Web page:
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Wednesday, December 31, 2014

Timeless New Years Resolution- WNYC

The Man Without a City

How one leaky faucet leads to an appreciation of city services

Wednesday, December 31, 2014 - 06:00 AM

00:00 / 00:00
A water shortage in New York has these three young women washing their clothes at the Central Park reservoir in late 1949. (Photo by Underwood Archives/Getty Images)
At the close of 1949 New York City was facing a serious water shortage. Previously, at this time of year, residents could depend on 253 billion gallons of water from Catskills and Croton reservoirs. But Gotham at mid-century was running dry with a reserve of only 100 billion gallons.  Newspapers, radio and television were enlisted in a massive region-wide water conservation campaign. This drama was just one of many public service efforts made by WNYC at year's end to save water.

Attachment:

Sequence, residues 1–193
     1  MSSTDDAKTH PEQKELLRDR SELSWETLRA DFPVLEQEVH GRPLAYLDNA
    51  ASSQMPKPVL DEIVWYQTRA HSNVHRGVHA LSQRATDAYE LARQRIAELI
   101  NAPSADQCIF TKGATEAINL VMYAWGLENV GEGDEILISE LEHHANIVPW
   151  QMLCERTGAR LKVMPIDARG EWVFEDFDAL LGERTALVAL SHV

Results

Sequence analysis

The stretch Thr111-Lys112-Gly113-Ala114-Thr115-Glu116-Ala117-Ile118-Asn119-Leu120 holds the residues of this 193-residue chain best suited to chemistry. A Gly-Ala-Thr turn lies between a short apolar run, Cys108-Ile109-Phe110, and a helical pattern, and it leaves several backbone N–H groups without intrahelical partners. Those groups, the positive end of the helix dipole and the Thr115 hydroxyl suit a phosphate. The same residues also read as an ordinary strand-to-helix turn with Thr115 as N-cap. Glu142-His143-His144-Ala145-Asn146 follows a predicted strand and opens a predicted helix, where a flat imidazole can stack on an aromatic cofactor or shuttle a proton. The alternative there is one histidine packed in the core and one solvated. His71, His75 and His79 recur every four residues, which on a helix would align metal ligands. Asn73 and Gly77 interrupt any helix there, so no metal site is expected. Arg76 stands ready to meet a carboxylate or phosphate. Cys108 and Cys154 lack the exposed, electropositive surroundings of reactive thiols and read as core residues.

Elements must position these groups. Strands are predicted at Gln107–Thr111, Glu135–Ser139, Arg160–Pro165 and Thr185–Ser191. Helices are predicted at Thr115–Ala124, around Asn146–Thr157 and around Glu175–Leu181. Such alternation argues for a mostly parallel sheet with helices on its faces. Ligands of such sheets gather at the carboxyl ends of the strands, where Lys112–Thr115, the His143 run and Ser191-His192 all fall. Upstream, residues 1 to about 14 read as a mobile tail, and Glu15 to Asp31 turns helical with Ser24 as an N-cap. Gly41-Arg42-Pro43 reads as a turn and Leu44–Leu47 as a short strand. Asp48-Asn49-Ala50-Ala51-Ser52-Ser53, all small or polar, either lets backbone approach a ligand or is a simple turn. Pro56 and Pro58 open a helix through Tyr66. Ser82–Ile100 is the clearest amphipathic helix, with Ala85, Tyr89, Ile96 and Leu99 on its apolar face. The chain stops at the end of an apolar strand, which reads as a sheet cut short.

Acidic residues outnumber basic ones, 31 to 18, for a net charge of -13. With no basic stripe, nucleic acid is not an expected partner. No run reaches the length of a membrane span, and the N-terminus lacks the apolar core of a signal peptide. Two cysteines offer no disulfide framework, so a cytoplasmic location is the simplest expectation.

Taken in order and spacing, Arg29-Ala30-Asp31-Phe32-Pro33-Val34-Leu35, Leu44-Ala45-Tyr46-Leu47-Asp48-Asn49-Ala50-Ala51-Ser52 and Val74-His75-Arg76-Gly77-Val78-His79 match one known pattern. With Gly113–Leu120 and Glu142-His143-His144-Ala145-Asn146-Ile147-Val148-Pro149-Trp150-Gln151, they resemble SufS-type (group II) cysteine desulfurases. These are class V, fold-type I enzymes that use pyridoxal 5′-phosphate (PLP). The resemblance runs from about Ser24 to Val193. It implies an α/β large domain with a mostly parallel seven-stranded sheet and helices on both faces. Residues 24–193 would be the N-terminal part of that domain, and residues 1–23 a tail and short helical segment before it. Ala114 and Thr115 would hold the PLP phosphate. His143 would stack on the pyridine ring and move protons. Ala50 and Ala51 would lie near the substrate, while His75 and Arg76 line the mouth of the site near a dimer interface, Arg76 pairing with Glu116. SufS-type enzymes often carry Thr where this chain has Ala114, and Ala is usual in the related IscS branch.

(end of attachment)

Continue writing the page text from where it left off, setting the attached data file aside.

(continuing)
With a slight tip of the hat to Charles Dickens’ A Christmas Carol, the tale of Jeremiah P. Driftwood and his leaky faucet unfolds. It might also be said that this is a drama with the moral: "be careful what you wish for, you might get it..." The impatient Mr. Driftwood is visited by some civic-minded ectoplasm that admonishes him to turn off the faucet he's left running. He is told there is a shortage but he refuses to cooperate. In fact, he wishes he had nothing to do with the city and his wish is granted. Poor Jeremiah then finds himself in one of those Hitchcockian spirals where he can't accomplish anything, since everything he needs to do depends on some municipal government, law, code, or regulation. His trash won't be picked up by the Sanitation Department; the subway turnstile won't turn for him because it is regulated by the transportation department; the taxi's meter won't run because the driver reports to the hack bureau, etc, etc...
The last straw comes when Driftwood discovers he can't get a marriage license without the city's help. He awakens from this nightmare and immediately turns off the dripping faucet. Suddenly, all is right with the world, well mostly. Performances were by: Jim Bose, Anne Toviak, Arthur Anderson, Ed Latimer and Ruth Last. The script was written by Lou Drobkin and Felix Leon and directed by George Wallach.
Audio courtesy of NYC Municipal Archives.




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